“Powerful infatuations can be induced by the skillful potioneer, but never yet has anyone managed to create the truly unbreakable, eternal, unconditional attachment that alone can be called Love.“—Hector Dagworth-Granger on love potions.
If you’ve ever read a fairy tale, watched a Disney movie, or in general just dreamed about someone who you had a crush on falling madly in love with you you’ve probably wished for a love potion of your own.
For as long as humans have been around our hearts have found themselves pinning after those who do not return our sentiments, and thus the idea of a ‘love potion’ has been around.
Aphrodisiacs are named after Aphrodite, the Greek goddess of love. Throughout history, witch doctors and apothecaries have touted all manner of potions, gels, and fragrances as miraculous sexual stimulants.
Certain foods — oysters, onions, honey, even raw bull`s testicles — are legendary for exciting the libido. The ancient Romans swore by a brew of delicately aromatic orchid leaves, while the ancient Egyptians went so far as to ban all seafood from the diet of celibate priests. Natives of the Orient once consumed garlic in liberal quantities as a spice for amorous dalliances.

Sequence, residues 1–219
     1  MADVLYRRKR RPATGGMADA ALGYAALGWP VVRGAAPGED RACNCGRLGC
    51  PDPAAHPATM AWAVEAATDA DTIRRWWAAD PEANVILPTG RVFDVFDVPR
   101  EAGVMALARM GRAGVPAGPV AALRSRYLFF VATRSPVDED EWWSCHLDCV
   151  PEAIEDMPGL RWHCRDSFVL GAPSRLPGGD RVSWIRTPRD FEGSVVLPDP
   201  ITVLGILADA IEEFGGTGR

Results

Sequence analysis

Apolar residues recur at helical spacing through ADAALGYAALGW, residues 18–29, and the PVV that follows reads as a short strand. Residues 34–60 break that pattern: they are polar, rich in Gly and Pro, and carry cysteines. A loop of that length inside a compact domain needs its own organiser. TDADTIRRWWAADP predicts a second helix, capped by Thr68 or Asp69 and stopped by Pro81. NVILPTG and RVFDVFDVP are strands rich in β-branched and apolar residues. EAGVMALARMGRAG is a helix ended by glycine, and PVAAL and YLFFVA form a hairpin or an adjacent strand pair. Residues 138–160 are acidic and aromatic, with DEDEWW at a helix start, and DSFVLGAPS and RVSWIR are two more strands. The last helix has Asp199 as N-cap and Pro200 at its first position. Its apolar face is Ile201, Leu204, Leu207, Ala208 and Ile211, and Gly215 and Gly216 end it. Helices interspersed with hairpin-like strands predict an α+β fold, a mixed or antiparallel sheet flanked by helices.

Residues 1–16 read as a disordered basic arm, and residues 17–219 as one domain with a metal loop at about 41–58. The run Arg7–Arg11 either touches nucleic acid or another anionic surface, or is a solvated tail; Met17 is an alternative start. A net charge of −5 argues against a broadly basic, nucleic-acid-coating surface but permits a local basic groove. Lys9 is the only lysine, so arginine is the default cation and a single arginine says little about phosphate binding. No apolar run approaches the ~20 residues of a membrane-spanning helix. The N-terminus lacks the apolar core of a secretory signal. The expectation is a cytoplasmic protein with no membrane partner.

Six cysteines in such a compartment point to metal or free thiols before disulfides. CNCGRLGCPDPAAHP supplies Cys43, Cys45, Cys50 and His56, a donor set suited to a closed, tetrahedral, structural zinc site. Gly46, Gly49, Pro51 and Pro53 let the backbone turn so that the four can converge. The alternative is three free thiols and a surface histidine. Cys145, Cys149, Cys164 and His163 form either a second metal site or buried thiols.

Plants, herbs and flowers — such as fennel, anise, and chrysanthemums — are also purported to be erotic pick-me-ups. For example, wives in Mexico at one time sprinkled basil powder on their breasts to keep their husbands from philandering. Women in India tried to prolong lovemaking by powdering their bodies with crushed henna leaves. American Indians found that hallucinogens such as peyote and psilocybin — derived from cactus and mushroom, respectively — heightened sexual pleasure.
SO DO ANY OF THESE REALLY WORK?
One thing we know is that many of the herbal aphrodisiacs tend to do things like increase blood flow, relax as well as stimulate the nervous system, strengthen and tone the reproductive tract and other tissues, restore vitality and stamina, balance hormones, support the endocrine system, calm anxiety, stabilize mood, increase energy, nourish the heart, excite the olfactory (smell) senses, increase sperm count and have countless other actions on the human body that are all crucial to fertility and virility.
Part of why these things are helpful is because they help remove some of the barriers we may experience when in an amorous situation.
If your feeling stressed, anxious, nervous, depressed, or tired it’s pretty hard to be “in the mood”. Additionally, people who suffer from hormonal imbalances, pharmaceutical side effects, or have certain medical conditions are certainly going to experience a harder time when it comes to making love.